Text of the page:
Rapid advances in sequencing technologies set the stage for the large-scale medical sequencing efforts to be performed in the near future, with the goal of assessing the importance of rare variants in complex diseases. The discovery of new disease susceptibility genes requires powerful statistical methods for rare variant analysis. The low frequency and the expected large number of such variants pose great difficulties for the analysis of these data. We propose here a robust and powerful testing strategy to study the role rare variants may play in affecting susceptibility to complex traits. The strategy is based on assessing whether rare variants in a genetic region collectively occur at significantly higher frequencies in cases compared with controls (or vice versa). A main feature of the proposed methodology is that, although it is an overall test assessing a possibly large number of rare variants simultaneously, the disease variants can be both protective and risk variants, with moderate decreases in statistical power when both types of variants are present. Using simulations, we show that this approach can be powerful under complex and general disease models, as well as in larger genetic regions where the proportion of disease susceptibility variants may be small. Comparisons with previously published tests on simulated data show that the proposed approach can have better power than the existing methods. An application to a recently published study on Type-1 Diabetes finds rare variants in gene IFIH1 to be protective against Type-1 Diabetes.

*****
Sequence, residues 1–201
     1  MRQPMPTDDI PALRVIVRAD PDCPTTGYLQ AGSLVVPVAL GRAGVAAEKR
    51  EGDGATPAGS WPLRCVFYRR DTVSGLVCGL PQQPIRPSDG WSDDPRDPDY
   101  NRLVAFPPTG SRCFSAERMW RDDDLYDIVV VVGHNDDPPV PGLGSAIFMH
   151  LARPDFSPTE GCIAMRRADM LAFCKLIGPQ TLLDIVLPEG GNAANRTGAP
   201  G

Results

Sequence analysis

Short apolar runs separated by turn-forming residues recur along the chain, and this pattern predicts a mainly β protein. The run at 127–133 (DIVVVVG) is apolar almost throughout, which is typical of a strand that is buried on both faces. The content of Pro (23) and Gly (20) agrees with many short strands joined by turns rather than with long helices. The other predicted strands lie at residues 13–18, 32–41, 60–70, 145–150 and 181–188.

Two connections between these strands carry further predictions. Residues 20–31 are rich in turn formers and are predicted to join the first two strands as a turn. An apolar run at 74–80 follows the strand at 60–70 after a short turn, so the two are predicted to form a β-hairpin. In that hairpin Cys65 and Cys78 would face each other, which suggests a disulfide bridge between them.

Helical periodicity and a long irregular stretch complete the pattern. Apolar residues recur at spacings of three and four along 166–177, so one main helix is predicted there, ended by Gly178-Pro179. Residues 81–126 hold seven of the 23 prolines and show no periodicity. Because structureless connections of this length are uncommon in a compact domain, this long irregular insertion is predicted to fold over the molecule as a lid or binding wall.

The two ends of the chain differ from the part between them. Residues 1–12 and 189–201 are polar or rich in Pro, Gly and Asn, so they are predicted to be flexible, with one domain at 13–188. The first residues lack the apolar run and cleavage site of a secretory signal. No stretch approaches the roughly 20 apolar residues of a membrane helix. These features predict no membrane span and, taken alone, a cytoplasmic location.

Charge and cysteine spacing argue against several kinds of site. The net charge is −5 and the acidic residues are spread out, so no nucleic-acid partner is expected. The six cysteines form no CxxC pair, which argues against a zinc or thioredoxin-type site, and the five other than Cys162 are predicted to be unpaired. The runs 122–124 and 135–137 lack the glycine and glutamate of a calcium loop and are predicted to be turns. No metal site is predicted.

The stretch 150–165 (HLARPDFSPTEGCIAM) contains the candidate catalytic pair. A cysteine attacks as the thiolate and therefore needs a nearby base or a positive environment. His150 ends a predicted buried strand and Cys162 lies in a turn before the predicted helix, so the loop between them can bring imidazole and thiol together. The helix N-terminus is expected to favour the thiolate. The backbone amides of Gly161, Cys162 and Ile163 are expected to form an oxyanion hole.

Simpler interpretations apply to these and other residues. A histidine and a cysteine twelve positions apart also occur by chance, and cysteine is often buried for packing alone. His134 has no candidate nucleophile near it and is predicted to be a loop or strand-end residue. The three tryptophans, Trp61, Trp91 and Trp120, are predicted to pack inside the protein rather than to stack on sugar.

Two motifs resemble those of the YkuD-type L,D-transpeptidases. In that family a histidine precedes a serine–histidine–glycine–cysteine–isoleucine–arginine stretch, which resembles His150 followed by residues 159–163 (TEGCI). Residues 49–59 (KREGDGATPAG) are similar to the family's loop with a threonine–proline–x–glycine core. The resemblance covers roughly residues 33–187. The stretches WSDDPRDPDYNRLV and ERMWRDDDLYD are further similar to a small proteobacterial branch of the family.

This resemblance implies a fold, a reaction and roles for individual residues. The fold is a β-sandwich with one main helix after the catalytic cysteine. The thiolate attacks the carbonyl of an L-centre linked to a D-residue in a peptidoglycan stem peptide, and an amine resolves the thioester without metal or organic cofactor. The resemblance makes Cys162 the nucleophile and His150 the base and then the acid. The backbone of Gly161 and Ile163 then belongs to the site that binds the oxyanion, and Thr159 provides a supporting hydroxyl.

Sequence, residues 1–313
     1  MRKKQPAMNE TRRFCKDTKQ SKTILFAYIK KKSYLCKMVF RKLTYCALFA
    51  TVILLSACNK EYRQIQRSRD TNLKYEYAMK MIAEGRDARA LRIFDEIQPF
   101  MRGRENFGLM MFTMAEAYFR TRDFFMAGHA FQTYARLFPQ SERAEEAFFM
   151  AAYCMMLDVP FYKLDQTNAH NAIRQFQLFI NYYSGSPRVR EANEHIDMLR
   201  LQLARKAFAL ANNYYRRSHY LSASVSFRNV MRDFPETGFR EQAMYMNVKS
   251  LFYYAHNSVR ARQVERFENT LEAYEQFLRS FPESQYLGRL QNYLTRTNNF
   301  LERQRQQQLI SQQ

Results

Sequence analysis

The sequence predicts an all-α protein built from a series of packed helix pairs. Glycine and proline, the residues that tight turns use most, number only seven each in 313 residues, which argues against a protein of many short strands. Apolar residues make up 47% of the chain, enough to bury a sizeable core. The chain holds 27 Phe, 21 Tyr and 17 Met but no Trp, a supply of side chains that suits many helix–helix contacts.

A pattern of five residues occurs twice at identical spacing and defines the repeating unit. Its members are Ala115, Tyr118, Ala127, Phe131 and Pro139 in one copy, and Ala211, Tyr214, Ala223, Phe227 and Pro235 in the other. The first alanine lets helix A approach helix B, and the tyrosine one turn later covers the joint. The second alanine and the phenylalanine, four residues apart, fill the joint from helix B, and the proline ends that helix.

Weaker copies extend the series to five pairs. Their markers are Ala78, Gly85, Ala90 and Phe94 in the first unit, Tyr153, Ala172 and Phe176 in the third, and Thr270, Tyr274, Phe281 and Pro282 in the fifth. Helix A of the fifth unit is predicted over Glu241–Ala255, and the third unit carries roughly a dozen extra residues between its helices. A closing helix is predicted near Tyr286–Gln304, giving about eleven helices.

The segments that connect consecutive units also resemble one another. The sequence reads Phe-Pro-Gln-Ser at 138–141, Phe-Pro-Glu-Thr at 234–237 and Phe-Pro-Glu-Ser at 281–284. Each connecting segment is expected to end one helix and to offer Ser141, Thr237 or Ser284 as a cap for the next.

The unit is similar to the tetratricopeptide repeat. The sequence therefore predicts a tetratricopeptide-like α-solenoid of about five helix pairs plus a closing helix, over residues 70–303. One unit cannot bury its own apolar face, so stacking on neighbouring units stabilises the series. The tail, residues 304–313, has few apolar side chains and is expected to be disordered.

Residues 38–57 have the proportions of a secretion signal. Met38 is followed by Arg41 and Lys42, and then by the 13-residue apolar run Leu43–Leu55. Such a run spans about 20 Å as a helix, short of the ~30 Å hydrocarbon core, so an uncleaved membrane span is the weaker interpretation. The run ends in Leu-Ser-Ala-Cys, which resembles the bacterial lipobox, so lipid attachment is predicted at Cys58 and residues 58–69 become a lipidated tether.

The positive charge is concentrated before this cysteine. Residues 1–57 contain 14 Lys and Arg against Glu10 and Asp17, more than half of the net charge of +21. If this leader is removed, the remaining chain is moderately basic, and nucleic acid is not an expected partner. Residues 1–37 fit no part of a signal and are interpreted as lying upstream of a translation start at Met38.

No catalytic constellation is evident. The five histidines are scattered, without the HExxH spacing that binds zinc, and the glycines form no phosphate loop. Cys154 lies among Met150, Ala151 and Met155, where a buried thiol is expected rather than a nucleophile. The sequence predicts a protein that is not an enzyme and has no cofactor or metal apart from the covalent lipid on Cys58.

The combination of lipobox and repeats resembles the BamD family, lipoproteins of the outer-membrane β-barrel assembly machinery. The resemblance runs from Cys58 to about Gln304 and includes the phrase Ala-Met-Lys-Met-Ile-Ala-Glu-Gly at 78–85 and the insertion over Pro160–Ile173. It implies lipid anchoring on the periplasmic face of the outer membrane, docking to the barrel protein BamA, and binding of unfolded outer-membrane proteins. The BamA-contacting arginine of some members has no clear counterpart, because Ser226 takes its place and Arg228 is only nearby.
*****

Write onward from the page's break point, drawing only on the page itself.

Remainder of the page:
Risk to common diseases, such as diabetes, heart disease, etc., is influenced by a complex interaction among genetic and environmental factors. Most of the disease-association studies conducted so far have focused on common variants, widely available on genotyping platforms. However, recent advances in sequencing technologies pave the way for large-scale medical sequencing studies with the goal of elucidating the role rare variants may play in affecting susceptibility to complex traits. The large number of rare variants and their low frequencies pose great challenges for the analysis of these data. We present here a novel testing strategy, based on a weighted-sum statistic, that is less sensitive than existing methods to the presence of both risk and protective variants in the genetic region under investigation. We show applications to simulated data and to a real dataset on Type-1 Diabetes.